Errant golf balls make residents nervous

Living on the edges of a recently renovated 18-hole golf course might seem like the pinnacle of home ownership, but errant golf balls in one North Glendale neighborhood are sending some running for cover.

Residents in the 3200 block of La Crescenta Avenue, which demarcates the northeast perimeter of the Oakmont County Club golf course, said they have been encountering the occasional golf ball for years.

They also maintain that the incidents of wayward balls have increased dramatically since the course underwent a $4.7-million renovation in 2009, resulting in smashed car windows and near misses of students walking to and from nearby Fremont Elementary School.

Now, they say they've had enough.

“They could put in super tall trees for all I care, as long as it shields our people, namely our children, and our cars and our homes,” said Suzie Nelson, a La Crescenta Avenue resident and Fremont parent.

She finds golf balls in her yard, on the parkway, on the sidewalk and in the gutter. Once, she said, a ball flew into an interior atrium in her home, smashing a glass and startling the family turtle.

Oakmont officials noted that the fencing along La Crescenta Avenue, which is roughly 10 feet high in some sections and 30 feet high in another, is the most substantial of any on the course. Chris Westhoff, a longtime member and chairman of the club's legal committee, said most neighbors prefer minimal screening so as to maintain a clear view of the greens.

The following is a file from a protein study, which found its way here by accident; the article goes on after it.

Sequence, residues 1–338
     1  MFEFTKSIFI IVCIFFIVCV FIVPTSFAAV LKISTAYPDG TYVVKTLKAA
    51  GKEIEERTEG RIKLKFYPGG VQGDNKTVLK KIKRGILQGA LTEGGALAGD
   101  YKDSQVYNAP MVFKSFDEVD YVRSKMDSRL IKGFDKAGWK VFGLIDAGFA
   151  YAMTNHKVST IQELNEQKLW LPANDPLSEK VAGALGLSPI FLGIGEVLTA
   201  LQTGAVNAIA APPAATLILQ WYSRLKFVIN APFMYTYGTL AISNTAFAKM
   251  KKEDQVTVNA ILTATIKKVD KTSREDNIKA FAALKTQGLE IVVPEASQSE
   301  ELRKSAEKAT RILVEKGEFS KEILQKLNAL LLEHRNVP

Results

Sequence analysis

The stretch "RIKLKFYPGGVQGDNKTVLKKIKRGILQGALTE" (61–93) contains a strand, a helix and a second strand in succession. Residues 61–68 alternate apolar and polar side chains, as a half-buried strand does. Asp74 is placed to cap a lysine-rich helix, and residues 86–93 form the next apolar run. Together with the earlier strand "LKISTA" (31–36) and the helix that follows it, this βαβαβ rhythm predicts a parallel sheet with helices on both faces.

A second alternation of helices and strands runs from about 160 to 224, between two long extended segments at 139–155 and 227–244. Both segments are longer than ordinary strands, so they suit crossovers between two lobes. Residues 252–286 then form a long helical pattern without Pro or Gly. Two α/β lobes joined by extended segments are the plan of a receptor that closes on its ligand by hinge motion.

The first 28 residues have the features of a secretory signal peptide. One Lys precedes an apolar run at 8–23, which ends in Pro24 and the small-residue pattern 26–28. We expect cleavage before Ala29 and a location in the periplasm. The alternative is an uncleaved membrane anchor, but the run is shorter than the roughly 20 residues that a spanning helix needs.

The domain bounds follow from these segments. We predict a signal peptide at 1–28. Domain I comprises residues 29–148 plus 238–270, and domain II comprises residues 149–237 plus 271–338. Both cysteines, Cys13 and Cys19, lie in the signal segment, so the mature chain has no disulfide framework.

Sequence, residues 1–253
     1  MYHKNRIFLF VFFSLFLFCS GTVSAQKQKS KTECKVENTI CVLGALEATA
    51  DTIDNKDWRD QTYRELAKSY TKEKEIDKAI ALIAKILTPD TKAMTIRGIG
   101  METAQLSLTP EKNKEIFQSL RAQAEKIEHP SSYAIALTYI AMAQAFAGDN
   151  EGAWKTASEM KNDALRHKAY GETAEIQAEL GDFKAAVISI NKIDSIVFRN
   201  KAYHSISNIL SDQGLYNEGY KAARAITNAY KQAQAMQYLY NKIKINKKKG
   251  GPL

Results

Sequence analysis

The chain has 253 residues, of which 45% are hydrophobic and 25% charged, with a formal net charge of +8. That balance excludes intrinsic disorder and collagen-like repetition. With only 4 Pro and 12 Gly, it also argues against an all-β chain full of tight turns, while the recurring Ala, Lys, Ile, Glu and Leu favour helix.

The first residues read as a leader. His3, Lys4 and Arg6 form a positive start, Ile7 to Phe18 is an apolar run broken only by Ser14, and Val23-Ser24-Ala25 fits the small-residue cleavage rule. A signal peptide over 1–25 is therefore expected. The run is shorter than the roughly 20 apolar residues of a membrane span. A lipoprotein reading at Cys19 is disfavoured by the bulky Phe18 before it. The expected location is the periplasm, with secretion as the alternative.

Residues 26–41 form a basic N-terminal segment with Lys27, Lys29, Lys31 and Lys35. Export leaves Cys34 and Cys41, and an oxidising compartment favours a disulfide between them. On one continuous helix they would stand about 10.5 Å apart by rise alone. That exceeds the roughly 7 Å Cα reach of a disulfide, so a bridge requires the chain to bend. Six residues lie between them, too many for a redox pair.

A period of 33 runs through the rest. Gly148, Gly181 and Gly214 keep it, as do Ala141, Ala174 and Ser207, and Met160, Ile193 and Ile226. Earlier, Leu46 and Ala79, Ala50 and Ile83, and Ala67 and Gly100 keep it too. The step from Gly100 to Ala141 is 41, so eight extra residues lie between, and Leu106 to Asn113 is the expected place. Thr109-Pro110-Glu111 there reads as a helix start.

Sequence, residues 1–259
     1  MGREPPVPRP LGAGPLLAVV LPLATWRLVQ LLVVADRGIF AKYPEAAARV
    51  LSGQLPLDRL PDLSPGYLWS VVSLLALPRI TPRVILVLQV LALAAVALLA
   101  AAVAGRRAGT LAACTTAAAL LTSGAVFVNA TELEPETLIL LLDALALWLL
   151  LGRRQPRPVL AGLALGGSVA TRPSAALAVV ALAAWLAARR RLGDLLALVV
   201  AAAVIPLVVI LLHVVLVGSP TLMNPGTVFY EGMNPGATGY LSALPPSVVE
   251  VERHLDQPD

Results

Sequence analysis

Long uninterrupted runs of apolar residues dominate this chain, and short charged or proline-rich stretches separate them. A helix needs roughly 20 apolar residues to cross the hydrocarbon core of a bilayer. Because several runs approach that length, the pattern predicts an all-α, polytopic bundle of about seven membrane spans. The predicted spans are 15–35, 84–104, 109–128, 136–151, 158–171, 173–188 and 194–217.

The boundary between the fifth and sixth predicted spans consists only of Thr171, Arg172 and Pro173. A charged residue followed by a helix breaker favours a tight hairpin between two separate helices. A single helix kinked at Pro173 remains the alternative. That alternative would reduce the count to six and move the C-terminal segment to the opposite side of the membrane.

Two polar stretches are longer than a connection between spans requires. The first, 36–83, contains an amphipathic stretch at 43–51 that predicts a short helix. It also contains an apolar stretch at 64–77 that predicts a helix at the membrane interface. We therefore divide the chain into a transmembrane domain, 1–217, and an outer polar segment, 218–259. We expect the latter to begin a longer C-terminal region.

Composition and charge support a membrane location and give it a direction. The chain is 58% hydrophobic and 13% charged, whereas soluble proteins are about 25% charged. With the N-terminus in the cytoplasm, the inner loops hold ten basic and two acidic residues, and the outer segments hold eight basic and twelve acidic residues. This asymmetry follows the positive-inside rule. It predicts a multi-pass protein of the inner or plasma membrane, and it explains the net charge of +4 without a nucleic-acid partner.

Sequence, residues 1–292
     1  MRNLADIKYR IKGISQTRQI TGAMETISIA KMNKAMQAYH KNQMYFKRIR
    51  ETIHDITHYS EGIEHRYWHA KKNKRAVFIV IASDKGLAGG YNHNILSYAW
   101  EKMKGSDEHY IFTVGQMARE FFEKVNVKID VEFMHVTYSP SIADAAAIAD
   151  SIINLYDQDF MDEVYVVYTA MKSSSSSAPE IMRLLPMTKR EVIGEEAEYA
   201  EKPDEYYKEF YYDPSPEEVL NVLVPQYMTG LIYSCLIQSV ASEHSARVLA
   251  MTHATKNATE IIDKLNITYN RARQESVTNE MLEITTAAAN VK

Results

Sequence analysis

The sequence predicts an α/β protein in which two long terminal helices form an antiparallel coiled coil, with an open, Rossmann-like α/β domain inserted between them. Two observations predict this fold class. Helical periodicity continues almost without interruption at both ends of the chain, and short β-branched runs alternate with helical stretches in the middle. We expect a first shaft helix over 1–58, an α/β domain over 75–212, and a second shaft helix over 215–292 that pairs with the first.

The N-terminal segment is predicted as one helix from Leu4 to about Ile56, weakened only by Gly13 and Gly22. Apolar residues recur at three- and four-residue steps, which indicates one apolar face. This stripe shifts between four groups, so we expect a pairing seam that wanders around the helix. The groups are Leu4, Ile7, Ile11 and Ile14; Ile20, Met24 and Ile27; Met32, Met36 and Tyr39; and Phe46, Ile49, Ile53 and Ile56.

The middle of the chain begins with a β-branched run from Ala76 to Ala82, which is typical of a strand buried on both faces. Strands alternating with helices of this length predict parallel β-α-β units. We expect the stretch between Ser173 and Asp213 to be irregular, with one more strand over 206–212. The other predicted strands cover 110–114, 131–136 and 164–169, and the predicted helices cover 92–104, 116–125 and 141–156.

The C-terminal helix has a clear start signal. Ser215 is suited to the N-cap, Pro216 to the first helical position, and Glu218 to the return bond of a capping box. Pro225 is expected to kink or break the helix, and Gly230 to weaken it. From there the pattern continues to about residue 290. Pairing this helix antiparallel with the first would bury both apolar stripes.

The few balls that do end up in yards represent a tiny percentage of those struck at the course, which hosts more than 35,000 rounds of golf each year, Westhoff said.

Founded in 1922, Oakmont Country Club predates many of the homes in the area, he added.

“There hasn't been a single claim of physical injury from a single golf ball ever leaving Oakmont,” Westhoff said. “We just don't know of any.”

Still, some neighbors say that with the street heavily trafficked by elementary school students and their parents during morning drop-off and afternoon pickup, it is only a matter of time. In a letter to Fremont Elementary School Principal Christin Walley, Jane Greninger recounted walking her son Jackson to the family car, parked on La Crescenta Avenue, at the end of a school day.

“As we approached our car, we saw something whiz by right in front of us, barely missing hitting Jackson's head,” Greninger said. “We saw a golf ball bounce off the bush and land by my car.... We were completely astounded and stunned. It was just unbelievable.”

The back window of one Fremont Elementary mother's vehicle was broken by a golf ball twice in three years, most recently in April. The Oakmont Country Club paid for the repairs.

La Crescenta Avenue resident and Fremont parent Edward Bash said he and others have voiced their fears to club officials numerous times in recent years, but no action has been taken to contain the errant golf balls. They are concerned a serious accident will occur before they are heard, he added.

“They don't seem to be concerned at all and it is really frustrating,” Bash said. “If a child got hit with one of those, it would be really devastating. An adult would be bad enough, but a child would be horrible.”

Westhoff said that the club takes the neighbors' concerns very seriously. Club officials have consulted with their course architect and insurance company, and have hired a consultant to study the issue further later this month. The club's insurance covers damage to vehicles, he noted, adding that purchasing a home in the vicinity of a golf course does come with inherent risks.

Additional fencing would come at great expense and require permission from the city of Glendale, he noted.

“I am not sure you could put a fence high enough to stop all golf balls,” Westhoff said. “For every precaution you take, somebody will figure out a way to hit the worst shot of their life.”

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